Worth the trip?: And wonder you will. Kubrick's effects and way of combining iconic visuals with equally iconic music are mesmerizing. "2001" invites the audience to ponder almost every single scene long after the credits roll, but unlike many other "experience" films, it also offers a tense coherent storyline in the middle about the killer computer, HAL 9000.
You can watch it for the chill-inducing sci-fi thriller, or you can watch it to contemplate the mysteries of the universe. Either way, the audience walks out amazed.
No Talkbacks for this article.
Post your comment/review now
Disclaimer: Please note that Facebook comments are posted through Facebook and cannot be approved, edited or declined by OnMilwaukee.com. The opinions expressed in Facebook comments do not necessarily reflect those of OnMilwaukee.com or its staff.
Recent Articles & Blogs by Matt Mueller
Published Oct. 29, 2014
It's one of the great philosophical questions about cinema: How much does reality shape the movies we watch, and how much do the movies we watch shape our perception of reality? Long-time Shepherd Express film critic Dave Luhrssen takes on that question with his latest book, "War on the Silver Screen," along with another classic question proposed by the great Detroit philosopher Edwin Starr: War, what is it good for?
Published Oct. 28, 2014
Writer and producer Jeff Gendelman's dream project, one in the works for 18 years, is finally hitting the big screen, one that puts his childhood fascination and home in the spotlight for hopefully the rest of the world to appreciate.
Published Oct. 27, 2014
Perhaps the Hasbro-based wannabe screamer is due some credit, because as a loyal adaptation, it manages to be just as flimsy and silly as the board game on which it's based.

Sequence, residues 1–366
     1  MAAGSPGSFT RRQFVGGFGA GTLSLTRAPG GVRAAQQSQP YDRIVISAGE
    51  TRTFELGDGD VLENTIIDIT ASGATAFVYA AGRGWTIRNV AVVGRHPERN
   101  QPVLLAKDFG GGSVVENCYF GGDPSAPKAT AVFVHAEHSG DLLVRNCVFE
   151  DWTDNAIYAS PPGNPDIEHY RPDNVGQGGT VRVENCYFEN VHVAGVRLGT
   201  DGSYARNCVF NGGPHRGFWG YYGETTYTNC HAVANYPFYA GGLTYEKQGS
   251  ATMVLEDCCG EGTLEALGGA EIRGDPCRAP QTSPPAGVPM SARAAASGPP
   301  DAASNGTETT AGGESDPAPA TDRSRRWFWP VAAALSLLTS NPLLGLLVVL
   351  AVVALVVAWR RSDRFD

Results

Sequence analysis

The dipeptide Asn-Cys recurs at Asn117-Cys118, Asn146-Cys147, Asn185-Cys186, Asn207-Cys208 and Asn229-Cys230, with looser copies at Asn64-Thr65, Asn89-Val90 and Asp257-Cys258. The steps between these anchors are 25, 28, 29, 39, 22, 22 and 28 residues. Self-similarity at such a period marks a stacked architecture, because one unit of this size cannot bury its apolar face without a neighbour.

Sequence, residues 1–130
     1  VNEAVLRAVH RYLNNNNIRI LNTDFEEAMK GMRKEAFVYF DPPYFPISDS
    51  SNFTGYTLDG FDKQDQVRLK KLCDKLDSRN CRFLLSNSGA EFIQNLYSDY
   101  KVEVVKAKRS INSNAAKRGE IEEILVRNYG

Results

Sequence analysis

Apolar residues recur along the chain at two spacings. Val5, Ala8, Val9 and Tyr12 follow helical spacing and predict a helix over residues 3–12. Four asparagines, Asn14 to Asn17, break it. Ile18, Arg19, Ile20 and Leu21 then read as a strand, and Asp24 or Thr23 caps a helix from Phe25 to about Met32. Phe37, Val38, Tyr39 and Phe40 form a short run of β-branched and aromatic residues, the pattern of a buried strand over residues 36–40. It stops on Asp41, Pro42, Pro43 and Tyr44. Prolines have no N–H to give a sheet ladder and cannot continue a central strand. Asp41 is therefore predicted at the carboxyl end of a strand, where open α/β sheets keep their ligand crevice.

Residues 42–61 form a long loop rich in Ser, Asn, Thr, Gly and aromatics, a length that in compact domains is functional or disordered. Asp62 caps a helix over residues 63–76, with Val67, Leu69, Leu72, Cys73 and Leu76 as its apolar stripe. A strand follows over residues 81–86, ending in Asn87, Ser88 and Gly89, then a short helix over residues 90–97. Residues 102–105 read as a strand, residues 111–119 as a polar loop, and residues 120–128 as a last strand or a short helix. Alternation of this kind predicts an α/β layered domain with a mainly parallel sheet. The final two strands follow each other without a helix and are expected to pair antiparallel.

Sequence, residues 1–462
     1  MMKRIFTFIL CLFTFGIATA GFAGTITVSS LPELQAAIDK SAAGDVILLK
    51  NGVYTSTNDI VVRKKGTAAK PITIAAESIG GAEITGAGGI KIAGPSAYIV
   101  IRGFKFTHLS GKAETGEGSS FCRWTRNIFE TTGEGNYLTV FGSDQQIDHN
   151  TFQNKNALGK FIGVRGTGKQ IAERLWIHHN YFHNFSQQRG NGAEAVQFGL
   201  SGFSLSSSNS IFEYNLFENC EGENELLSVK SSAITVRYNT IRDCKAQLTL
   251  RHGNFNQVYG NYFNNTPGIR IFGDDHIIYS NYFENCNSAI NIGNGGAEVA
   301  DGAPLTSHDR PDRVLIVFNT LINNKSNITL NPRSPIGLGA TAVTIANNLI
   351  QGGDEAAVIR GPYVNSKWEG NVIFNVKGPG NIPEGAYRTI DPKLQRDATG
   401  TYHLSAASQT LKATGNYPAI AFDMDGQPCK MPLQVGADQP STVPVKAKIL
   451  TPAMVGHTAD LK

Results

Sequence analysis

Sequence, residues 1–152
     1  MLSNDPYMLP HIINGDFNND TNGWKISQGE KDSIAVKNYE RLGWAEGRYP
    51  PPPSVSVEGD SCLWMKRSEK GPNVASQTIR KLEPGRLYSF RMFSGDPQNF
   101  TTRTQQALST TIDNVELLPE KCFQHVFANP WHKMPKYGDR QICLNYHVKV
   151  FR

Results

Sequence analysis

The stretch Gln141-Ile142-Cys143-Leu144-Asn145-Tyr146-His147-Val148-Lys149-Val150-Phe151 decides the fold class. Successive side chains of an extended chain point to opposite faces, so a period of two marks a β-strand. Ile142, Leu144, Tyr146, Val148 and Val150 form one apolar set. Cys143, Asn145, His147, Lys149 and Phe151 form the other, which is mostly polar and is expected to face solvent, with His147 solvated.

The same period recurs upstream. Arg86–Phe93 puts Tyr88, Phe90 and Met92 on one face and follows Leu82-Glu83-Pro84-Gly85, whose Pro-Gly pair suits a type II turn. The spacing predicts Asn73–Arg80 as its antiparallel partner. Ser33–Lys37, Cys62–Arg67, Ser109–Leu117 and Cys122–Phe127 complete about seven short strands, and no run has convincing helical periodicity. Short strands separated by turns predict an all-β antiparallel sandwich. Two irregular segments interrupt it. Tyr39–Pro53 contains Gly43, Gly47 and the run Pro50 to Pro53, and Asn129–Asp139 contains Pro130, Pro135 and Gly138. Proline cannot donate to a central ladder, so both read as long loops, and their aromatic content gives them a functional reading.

Published Oct. 22, 2014
For many in America, ramen is almost exclusively college dorm food, something quick and easy to make when the times are desperate and the money (or perhaps just the initiative) is low. Recently, however, ramen's reputation has begun to lose its college res hall stink in American culture.
Published Oct. 22, 2014
As the rare tank-based WWII action movie, Ayer's latest decently satisfies. When "Fury" tries to be anything more, however, the story's treading gets gummed up, and the effective machine loses steam.
Published Oct. 21, 2014
In early 2012, music fans found themselves entranced by two hypnotically romantic pop songs cryptically released onto YouTube. The songs were gorgeous, a dreamy high voice with just a touch of smokiness crooning intimate lyrics over seductively simple electronic arrangements. Everyone just wanted to know who was responsible. It was an impressive little indie music mystery ... especially since it was essentially an accident.
Published Oct. 20, 2014
In 2012, comedian Tig Notaro went through a series of intense, significant personal crises that would be overwhelming in a four-year stretch, much less in merely four months. In a matter of a few months, Notaro faced a break-up, a sudden death in the family and two potentially fatal ailments. And in the middle of all of that, she had a stand-up gig at Largo in Los Angeles. The rest, as the cliché says, is history.
Published Oct. 16, 2014
A little over a decade ago, Milwaukee musician and Testa Rosa lead vocalist Betty Blexrud-Strigens got a chance to see the legendary Patti Smith in Madison. Even though the show came quite some time after Smith's punk glory years, Blexrud-Strigens still remembers the rock legend providing a charge. Now, it's up to Blexrud-Strigens and a roster of Milwaukee artists and musicians to bring that essence back to the stage with "Smith Uncovered."
Published Oct. 15, 2014
After three years, The Rural Alberta Advantage is taking a new album on the road, including a return stop at Turner Hall Ballroom on Wednesday, Oct. 15 at 8 p.m. Before then, however, OnMilwaukee.com chatted with the band's drummer Paul Banwatt about the process behind "Mended with Gold," looking back at the band's past and spending some time in a creepy Canadian cabin. And, of course, hockey.
Published Oct. 14, 2014
Judged as awards bait, "Kill the Messenger" won't likely snag the golden glory it's looking for. Once you remove the arbitrary frame of awards season, "Kill the Messenger" is a solid, satisfyingly unpredictable and well performed journalism drama that - following the lead of "Shattered Glass" and, of course, "All the President's Men" - often plays like a tense thriller.